Sending .NET Core app metrics to Graphite with StatsD

time valueIt’s been more than a year since I connected a small piece of JavaScript to collectd plugin and started to gather our CI’s monitoring data and store it in Graphite. Surprisingly, the whole thing worked like a charm. Even the JavaScript component.

However, the time comes when I need to collect even more data coming from inside of long running apps, so JavaScript + collectd pair is no longer an option. What might work is those apps sending their metrics directly to Graphite server. After all, it can accept data in plain string format via TCP, so that shouldn’t be hard.

And here comes statsd

But there’s even simpler way. If you check out the latest Graphite Docker image, you’ll notice that it comes with preinstalled tool called StatsD. It’s a little buffer between the app and Graphite, which accepts metrics via UDP, aggregates them, and then puts to Graphite on certain intervals. Because its UDP, applications can fire-and-forget their metrics extremely fast. Because StatsD does buffering and aggregation, we lessen the burden on Graphite itself and therefore can deal with more data sources.

Finally, StatsD is dead simple and can work with different backends, so applications can use it as a unified metrics receiver and stop caring about where the data is going to be saved.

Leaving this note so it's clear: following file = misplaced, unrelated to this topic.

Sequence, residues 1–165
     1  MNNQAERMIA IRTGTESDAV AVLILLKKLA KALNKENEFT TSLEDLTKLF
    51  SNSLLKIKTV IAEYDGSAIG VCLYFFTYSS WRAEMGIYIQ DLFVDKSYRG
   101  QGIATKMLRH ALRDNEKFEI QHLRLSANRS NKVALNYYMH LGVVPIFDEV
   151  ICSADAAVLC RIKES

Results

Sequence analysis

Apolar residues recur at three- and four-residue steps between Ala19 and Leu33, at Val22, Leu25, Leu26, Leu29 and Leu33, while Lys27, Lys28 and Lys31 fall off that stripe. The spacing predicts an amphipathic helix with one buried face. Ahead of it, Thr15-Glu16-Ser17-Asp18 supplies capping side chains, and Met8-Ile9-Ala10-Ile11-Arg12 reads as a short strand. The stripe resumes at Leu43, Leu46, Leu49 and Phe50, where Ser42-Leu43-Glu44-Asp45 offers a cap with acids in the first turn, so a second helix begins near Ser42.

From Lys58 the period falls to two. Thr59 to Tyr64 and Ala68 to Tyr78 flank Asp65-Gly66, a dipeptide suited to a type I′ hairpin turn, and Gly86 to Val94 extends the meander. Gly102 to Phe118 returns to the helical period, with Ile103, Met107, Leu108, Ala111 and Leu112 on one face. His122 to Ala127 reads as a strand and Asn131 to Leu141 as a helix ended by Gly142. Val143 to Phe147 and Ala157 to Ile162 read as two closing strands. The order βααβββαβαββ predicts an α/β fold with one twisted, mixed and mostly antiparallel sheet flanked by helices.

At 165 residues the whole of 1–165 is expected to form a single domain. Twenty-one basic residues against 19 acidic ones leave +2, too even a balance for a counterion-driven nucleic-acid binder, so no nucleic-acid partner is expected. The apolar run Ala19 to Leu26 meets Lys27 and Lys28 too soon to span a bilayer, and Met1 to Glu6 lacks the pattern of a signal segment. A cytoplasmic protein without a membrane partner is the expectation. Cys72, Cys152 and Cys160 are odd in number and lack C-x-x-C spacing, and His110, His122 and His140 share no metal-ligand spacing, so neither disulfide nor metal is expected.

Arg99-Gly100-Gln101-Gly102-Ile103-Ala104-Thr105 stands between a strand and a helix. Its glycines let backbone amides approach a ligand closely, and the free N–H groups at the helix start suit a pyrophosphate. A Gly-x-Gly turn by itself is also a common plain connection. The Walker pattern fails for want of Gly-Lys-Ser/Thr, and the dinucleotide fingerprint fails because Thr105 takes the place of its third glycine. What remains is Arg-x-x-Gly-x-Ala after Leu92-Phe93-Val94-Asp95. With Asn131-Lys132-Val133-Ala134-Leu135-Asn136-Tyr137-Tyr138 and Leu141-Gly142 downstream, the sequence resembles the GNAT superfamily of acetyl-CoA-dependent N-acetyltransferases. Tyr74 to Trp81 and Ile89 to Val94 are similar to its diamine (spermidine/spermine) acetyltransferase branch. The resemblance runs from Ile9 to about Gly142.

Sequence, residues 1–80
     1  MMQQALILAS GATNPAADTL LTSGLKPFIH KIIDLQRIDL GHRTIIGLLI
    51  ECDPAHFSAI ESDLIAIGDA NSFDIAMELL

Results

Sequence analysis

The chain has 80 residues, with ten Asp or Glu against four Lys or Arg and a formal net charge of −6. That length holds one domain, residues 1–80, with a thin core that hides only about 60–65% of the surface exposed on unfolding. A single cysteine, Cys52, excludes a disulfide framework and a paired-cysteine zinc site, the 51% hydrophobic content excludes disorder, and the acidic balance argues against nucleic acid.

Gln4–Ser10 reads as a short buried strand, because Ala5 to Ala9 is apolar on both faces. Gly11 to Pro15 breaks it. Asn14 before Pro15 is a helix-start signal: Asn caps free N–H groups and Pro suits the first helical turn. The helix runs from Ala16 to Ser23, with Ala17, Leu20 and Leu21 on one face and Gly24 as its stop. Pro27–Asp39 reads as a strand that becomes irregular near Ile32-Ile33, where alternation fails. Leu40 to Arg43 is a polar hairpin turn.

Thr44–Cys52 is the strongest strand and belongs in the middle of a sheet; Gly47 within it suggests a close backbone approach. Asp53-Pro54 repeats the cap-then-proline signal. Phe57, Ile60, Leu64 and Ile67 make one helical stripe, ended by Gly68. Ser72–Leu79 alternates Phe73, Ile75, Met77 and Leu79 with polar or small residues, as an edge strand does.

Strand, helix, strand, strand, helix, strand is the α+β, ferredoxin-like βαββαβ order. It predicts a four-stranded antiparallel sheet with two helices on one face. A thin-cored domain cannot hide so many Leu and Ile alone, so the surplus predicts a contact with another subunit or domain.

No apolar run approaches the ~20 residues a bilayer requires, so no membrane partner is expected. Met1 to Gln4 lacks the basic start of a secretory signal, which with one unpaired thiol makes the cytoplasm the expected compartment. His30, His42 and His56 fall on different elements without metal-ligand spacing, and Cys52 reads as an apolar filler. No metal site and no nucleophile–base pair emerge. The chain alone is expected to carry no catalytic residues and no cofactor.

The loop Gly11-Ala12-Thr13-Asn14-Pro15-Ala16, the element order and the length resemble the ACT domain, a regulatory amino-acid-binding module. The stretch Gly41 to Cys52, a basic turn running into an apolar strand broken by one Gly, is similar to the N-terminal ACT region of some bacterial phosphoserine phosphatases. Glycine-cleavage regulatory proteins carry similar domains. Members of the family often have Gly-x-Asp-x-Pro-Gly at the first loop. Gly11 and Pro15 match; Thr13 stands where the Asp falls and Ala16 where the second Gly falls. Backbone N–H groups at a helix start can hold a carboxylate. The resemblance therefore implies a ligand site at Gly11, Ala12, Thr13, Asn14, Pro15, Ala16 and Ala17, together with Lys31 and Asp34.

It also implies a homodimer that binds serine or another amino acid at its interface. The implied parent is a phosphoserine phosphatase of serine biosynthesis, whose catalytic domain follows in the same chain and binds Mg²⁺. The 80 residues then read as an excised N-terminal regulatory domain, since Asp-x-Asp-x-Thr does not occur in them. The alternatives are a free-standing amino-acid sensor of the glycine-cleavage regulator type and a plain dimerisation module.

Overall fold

StatsD and .NET Core

There’s nothing special in relationship of StatsD and .NET Core. But because I have to deal with .NET Core a lot now, I’m particularly interested how those two fit together.

The list of StatsD packages on NuGet is a little bit messy. Some of them work with .NET Framework only, the other’s hasn’t been maintained for quite a while. But I found one which is relatively alive and does the job: StatsdClient.

The best way to see how something works is to try to make it work by yourself, so let’s build something.

The grand example

Sample program

I have a simple .NET Core program that runs in two threads: one that does random amount of meaningless job (generating strings) in a loop, and the other one that monitors the rate and the number of garbage collections happening, and how much of the memory we use in total:

It would be better to monitor GC and memory from outside (e.g. via EventTrace), but it also would make example more complex, so probably the next time.

Ok, let’s start the program to see something like this:

Nice numbers, probably mean something. But they would mean much more if we could make a graph of it. Graphite could do that, so let’s install it.

Installing Graphite

Since I installed Graphite the last time, it’s got official Docker image, so instead of several download and configure steps this one-liner will do everything:

For this demo, however, I don’t need container name, restart policy and ports other than 80 (Graphite UI) and 8125/udp (StatsD), so we can simplify the command to something like this:

Now we can open the browser and voilà, here’s Graphite and its glorious emptiness:

Clean Graphite

Time to feed some data to it.

Feeding the data via StatsdClient